3 Tips for Safely Using Public WiFi When Traveling

by Julie on November 28, 2017

Unless you travel with your own WiFi hotspot, you’re likely relying on public WiFi or your own data plan to access the Internet while you’re traveling or otherwise away from home. And while this can be a convenient way to get online, accessing the Internet via public WiFi isn’t always the safest bet. Because anyone can gain access to this public WiFi network, it can make your activity very vulnerable to fraud or attack. So to help ensure that you don’t come home from traveling with a stolen identity or other type of fraud, here are three tips for safely using public WiFi while traveling.

Read The Terms and Conditions First

When logging into a public WiFi network, chances are you’ll be asked to first accept the terms and conditions set up by whoever’s supplying this Internet access. And while you may not normally read through the entire terms and conditions section, David Nield, a contributor to Popular Science, recommends doing this in its entirety when using public WiFi. In these terms and conditions, you’ll be made aware of if the supplying company plans to use your information in any way. This may affect your decision regarding if you want to use this public WiFi or not.

Avoid Accessing Sensitive Information

As was mentioned above, public WiFi can be much more vulnerable to attack than other WiFi networks. Knowing this, the staff at LifeHacker.com recommends never logging into your personal accounts or accessing sensitive information when you’re on a public WiFi network. Others who are on or have access to that network could easily gain control over your sensitive information from you when on a public WiFi network. So to make sure you keep your sensitive information safe, don’t sign in unless you know you’re on a secure network.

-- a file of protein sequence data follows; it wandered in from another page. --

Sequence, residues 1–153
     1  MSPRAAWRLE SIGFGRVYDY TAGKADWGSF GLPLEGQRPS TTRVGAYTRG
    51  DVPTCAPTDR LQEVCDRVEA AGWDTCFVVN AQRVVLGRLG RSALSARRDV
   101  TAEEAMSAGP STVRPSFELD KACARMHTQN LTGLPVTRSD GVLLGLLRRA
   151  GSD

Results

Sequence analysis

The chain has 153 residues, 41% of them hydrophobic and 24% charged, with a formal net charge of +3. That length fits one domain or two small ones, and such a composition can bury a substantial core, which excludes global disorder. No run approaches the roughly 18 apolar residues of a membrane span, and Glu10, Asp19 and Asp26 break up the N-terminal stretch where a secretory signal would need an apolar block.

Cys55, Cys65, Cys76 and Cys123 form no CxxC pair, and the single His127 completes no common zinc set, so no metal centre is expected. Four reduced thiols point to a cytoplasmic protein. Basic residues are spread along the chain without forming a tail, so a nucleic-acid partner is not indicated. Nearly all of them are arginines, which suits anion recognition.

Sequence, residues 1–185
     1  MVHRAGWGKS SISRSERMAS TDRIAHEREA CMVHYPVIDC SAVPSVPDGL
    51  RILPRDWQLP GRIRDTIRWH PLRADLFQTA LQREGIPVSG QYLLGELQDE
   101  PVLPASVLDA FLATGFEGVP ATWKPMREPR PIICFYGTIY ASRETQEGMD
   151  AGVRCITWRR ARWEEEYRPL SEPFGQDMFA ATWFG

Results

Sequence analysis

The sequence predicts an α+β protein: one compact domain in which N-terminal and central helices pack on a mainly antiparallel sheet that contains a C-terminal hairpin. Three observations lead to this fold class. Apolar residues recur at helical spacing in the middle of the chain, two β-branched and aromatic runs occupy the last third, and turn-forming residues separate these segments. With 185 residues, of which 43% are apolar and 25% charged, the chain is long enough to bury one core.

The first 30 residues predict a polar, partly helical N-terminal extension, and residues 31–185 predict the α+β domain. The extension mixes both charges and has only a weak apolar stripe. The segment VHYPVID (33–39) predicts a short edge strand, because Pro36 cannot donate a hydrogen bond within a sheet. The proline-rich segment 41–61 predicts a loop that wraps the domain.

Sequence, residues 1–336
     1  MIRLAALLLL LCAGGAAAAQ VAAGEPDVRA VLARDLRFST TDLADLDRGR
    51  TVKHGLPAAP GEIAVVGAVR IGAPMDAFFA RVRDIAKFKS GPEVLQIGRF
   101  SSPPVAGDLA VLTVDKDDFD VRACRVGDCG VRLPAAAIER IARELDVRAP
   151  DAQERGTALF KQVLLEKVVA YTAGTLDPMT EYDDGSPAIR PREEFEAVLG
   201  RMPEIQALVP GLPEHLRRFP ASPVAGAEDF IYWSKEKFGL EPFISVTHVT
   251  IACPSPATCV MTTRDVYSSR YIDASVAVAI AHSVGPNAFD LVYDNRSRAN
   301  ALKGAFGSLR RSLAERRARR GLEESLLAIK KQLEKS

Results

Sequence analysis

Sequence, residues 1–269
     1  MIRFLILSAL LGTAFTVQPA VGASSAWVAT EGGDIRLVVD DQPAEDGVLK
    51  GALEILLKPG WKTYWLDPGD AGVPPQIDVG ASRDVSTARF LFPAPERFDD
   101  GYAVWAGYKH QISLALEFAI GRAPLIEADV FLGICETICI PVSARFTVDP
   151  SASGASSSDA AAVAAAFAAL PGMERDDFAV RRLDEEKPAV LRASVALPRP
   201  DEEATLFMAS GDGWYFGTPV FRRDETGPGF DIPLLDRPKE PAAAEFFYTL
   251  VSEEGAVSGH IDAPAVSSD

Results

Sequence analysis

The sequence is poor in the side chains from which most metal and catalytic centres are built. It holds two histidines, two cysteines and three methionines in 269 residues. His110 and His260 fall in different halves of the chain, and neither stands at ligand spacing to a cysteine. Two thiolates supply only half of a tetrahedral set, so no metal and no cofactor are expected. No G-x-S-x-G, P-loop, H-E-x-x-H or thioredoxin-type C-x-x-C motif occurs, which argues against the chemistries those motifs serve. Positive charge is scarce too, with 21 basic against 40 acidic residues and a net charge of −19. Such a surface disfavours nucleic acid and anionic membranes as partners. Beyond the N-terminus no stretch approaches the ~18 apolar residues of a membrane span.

Use The Mobile Browser Rather Than The App

According to another article by David Nield published on Gizmodo, it’s recommended that when you’re logging into your frequently used accounts that you use the mobile browser version rather than the app that may already be downloaded on your phone. The reasoning behind this advice is that there’s often more authentication required when using the mobile browser rather than when using the app. The websites can be much more particular about getting a secure connection. This means that your information could be much safer when you’re logging in through the actual website. So look for the HTTPS before you log in to keep your information as safe as possible when you’re abroad.

If you’re concerned about how to safely use the Internet when you’re abroad, use the tips mentioned above to help you protect yourself and your sensitive data.

 

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